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Anthrax Premiere ‘Breathing Lightning’ Lyric Video, Talk ‘For All Kings’ Album

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When veteran metal band Anthrax finished writing “Breathing Lightning,” the second single for their new album For All Kings (out Feb. 26), the group’s main composers – songwriter and drummer Charlie Benante, rhythm guitarist and lyricist Scott Ian, and bassist and melody writer Frank Bello – all took a step back and metaphorically rubbed their chins.

Coming right in the middle of the creative sessions for the album, the song was considerably slower than the frantic, thrashy numbers like “You Gotta Believe” and “Evil Twin,” and more overtly melodic than the mid-paced metal stompers, including “Suzerain” and the nearly eight-minute “Blood Eagle Wings.” While “Breathing Lightning” was clearly Anthrax, it seemed more radio-ready than anything the band had released in years.

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“I was a little apprehensive about showing the band this song, because it wasn’t like the other songs that we were writing,” Benante says a couple days after playing a New York show opening for Lamb of God. “I was going for more of a really good riffing song and then the chorus was very melodic. It reminded me of Zeppelin.”

Benante presented “Breathing Lightning” to the rest of Anthrax, half-expecting rejection. But not only did they take to the tune like bees to a peanut butter and honey sandwich, they also made it a top priority for the album. Bello started humming along with the music and almost immediately came up with a giant hook for the chorus.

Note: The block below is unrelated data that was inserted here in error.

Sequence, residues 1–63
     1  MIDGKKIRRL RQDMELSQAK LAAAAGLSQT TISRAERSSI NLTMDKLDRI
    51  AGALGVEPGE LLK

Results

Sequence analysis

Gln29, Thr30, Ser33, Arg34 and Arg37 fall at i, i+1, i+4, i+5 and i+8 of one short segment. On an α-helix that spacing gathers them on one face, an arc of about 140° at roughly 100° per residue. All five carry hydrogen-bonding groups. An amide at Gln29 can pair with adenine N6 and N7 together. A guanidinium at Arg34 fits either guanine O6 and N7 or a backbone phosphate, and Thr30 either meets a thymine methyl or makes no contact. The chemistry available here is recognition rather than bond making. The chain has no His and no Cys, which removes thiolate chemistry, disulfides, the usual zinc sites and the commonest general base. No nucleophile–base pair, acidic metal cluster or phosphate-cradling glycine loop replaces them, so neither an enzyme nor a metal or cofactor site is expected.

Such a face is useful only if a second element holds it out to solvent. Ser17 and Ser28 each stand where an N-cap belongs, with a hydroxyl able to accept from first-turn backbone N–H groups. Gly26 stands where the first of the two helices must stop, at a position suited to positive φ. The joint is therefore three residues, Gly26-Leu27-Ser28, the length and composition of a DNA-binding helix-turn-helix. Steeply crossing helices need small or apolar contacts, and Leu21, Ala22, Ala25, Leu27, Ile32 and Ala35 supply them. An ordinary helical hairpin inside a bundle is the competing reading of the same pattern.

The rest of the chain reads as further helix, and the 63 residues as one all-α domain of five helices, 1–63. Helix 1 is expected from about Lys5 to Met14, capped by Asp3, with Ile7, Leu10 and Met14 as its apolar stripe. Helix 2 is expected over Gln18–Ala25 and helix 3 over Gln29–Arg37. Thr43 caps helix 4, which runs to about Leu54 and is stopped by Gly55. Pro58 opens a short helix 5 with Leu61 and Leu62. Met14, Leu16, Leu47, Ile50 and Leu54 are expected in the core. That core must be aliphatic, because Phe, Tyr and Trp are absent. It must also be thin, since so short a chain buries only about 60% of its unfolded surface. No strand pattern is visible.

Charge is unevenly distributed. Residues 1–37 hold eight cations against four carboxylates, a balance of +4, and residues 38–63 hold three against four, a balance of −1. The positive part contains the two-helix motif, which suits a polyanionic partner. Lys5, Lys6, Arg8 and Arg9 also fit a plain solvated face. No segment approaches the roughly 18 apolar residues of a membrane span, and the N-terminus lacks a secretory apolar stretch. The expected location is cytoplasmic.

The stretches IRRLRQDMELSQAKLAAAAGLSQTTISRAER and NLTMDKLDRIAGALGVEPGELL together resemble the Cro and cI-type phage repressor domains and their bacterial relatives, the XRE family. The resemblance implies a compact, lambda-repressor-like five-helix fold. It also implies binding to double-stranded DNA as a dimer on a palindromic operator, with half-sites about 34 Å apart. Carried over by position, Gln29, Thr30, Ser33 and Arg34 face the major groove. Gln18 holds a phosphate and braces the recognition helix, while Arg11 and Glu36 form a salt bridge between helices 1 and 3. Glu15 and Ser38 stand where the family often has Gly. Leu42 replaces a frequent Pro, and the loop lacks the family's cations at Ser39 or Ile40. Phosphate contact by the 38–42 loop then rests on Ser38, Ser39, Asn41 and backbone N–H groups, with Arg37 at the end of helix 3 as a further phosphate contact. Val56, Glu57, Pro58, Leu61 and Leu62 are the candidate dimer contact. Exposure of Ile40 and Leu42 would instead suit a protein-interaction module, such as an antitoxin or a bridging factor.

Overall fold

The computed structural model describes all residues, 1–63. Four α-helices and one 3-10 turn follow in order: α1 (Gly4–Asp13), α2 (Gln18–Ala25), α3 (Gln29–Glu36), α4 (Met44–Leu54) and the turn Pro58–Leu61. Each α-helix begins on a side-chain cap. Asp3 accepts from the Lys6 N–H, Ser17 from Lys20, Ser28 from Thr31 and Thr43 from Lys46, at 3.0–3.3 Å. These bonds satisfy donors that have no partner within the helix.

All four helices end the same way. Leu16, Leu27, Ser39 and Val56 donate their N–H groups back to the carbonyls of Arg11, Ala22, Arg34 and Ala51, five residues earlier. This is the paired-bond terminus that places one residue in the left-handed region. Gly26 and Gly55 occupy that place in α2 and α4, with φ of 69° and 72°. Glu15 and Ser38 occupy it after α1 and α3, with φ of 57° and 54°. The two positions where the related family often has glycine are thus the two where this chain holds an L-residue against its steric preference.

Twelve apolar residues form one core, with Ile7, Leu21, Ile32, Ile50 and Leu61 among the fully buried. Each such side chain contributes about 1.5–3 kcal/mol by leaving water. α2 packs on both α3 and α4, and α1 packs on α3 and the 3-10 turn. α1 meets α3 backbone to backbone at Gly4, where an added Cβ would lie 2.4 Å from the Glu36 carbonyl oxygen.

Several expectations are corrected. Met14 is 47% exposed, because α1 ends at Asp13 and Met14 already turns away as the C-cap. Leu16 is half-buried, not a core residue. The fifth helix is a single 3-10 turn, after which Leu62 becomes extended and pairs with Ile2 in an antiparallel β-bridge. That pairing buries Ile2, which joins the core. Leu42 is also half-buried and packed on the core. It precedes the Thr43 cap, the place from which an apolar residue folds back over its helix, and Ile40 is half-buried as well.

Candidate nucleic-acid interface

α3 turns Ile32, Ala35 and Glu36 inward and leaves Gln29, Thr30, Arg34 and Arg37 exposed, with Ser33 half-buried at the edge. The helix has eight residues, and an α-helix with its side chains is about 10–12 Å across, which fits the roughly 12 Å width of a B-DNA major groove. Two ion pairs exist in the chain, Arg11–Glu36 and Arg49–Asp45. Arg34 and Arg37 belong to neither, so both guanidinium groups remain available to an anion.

“I was trying to come up with things that fit, like I always do, and when I heard that song a lightbulb just went off in my head,” Bello says. “I sang something along with it and I thought, ‘Oh, I like that.’”

Ian connected with the melody, and he and Benante worked on it so it complimented the main riff, which burned and crackled like a lit fireplace. Then came the lyrics.

“Frank had this ‘Do the right thing’ line that he had inserted in there while he was singing mumbo-jumbo parts for the melody,” Ian says. “It stuck in my head, and the whole thing coalesced into this idea of getting to a point in your life where you’re committing to what you want to do in life even if it’s the hardest path you’re ever going to take. It all comes from me, because when I made the commitment to be in this band, I certainly wasn’t taking the easy path. So ‘Breathing Lightning’ is about pushing forward and not letting anything stand in your way.”

It’s a belief that Anthrax has not only followed since they formed in New York in 1981; it’s a motto that has kept the group from falling apart on numerous occasions. Anthrax entered the studio to record two pivotal albums, 1985’s Spreading the Disease and 1993’s Sound of White Noise, both times without a singer. The band battled with management, multiple labels, and a music scene that went from supportive to dismissive, and they have endured Benante’s severe carpal tunnel syndrome, which prevents him from remaining on the road for more than three weeks at a time (ex-Slayer drummer Jon Dette usually fills in).

“We’ve taken our punches over the years, that’s for damn sure,” Bello says. “But we’ve kept going, and the longer we’ve done this, the better we’ve gotten. And now I think we’re at the top of our games as musicians and as songwriters.”

“Whatever has come our way – and there have been a lot of things – there has never been a time when we all looked at each other and said, ‘F— it, this is impossible. Let’s take the easy way and break up the band,’” Ian says. “I always think of that scene in Raging Bull when Jake Lamotta [played by Robert De Niro] is getting the s— kicked out of him by Sugar Ray Robinson [Johnny Barnes], and then he stumbles up to him and says, “I never went down, Ray. You never got me down.’ Through the hardest times, we’ve very much had that attitude. We’ve never gone down.”